London, Apr 26: England is to launch a tournament to rival the Indian Premier League (IPL) jointly with an American billionaire who said Twenty20 cricket could replace football as the world's top sport, it was announced on Friday.
David Collier, chief executive of the England and Wales Cricket Board (ECB), said the tournament, to be bankrolled by Antigua-based Texan billionaire Allen Stanford, will kick off in 2010 because of commitments in 2009.
"We've had some very positive and constructive discussions with Sir Allen during the last week. I think Sir Allen has certainly mentioned 2010 and I think that's the more likely (date)," Collier said on Friday.
However, the representative for England's cricketers - shut out of the IPL by their bosses - warned that an English Premier League would need the agreement of India, "because that is where the money is".
Collier said discussions with Stanford, who runs a Twenty20 championship in the Caribbean, were "well advanced" and also included plans for a one-off 10 million pound winner-take-all tournament between England and the West Indies.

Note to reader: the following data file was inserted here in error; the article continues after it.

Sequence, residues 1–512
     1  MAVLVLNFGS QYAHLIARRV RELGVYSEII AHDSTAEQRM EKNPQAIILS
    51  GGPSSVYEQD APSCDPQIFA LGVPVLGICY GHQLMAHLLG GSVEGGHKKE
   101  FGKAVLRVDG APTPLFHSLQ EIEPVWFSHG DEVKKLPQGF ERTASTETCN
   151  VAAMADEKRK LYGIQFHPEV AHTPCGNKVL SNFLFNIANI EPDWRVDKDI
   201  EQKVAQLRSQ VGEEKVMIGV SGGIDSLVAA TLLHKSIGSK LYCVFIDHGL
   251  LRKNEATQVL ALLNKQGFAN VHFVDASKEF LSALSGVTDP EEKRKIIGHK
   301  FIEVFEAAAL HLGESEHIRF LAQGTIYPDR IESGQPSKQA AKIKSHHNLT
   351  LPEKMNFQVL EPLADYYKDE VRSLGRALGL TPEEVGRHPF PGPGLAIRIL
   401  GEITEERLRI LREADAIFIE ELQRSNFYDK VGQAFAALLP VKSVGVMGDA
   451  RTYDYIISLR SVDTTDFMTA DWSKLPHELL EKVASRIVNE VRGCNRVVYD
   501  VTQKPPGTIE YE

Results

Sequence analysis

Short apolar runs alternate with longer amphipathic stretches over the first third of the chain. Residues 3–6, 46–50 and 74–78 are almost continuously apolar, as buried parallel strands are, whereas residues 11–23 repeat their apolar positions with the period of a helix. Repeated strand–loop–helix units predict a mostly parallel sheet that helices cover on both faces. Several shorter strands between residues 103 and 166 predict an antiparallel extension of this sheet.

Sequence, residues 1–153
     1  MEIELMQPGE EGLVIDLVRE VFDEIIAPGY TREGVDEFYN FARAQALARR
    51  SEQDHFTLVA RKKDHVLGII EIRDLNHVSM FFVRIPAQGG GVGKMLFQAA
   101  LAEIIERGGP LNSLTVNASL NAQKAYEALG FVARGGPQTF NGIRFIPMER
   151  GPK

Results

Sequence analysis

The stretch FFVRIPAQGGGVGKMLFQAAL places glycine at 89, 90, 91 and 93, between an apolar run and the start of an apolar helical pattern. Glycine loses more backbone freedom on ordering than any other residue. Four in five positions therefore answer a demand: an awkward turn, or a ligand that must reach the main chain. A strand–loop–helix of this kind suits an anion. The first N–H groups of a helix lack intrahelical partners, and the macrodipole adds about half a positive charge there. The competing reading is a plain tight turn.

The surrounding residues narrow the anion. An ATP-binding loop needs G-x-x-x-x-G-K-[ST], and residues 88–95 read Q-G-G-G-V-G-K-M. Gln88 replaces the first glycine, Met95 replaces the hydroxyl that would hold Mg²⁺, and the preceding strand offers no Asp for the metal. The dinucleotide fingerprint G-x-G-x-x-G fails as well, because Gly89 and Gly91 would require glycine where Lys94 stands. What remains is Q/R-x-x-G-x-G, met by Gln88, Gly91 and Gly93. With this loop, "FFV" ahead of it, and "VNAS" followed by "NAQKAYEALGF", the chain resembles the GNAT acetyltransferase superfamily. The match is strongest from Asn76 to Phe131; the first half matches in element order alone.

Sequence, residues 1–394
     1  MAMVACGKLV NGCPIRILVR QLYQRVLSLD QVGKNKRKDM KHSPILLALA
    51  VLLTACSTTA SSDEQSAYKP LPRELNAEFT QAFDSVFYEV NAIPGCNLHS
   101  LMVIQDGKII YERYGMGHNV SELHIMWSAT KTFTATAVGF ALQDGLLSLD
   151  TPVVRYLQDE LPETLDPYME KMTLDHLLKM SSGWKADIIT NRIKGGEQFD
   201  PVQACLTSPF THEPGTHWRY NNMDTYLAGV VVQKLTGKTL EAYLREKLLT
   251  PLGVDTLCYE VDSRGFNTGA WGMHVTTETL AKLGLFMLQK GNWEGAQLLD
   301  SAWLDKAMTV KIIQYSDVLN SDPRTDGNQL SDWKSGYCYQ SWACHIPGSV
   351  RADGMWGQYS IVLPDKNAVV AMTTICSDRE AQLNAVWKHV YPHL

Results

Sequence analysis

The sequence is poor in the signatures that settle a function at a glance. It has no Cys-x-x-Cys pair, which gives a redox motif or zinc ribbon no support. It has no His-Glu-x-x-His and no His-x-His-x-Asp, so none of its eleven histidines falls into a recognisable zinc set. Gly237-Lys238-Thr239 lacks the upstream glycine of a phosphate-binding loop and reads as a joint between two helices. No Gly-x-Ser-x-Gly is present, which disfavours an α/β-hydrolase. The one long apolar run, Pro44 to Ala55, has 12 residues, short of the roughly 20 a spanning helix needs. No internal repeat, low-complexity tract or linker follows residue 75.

"The discussions we've had regarding one-off internationals are particularly important. They are hugely beneficial to the game because they don't add an awful lot to workload and yet they do give the players opportunities to earn large sums of money," Collier said.
But Sean Morris, chief executive of the Professional Cricketers' Association, indicated an English league would have a greater chance of success if it involved India.
"We need to have a product that is exportable back to India, because that is where the money is. To do that, you need India's agreement. You are going to need some of their top players. There is no reason why their franchisees wouldn't mind playing a few more games in England. That seems an entirely plausible option," Morris said.
Meanwhile, Standford said Thursday that Twenty20 could upstage football as the world's favourite sport and be worth 500 million.
"Twenty20 has the potential to be the most popular team sport in the world in maybe less than 10 years. But it's going to take a highly organised efficient management team to run it," he said.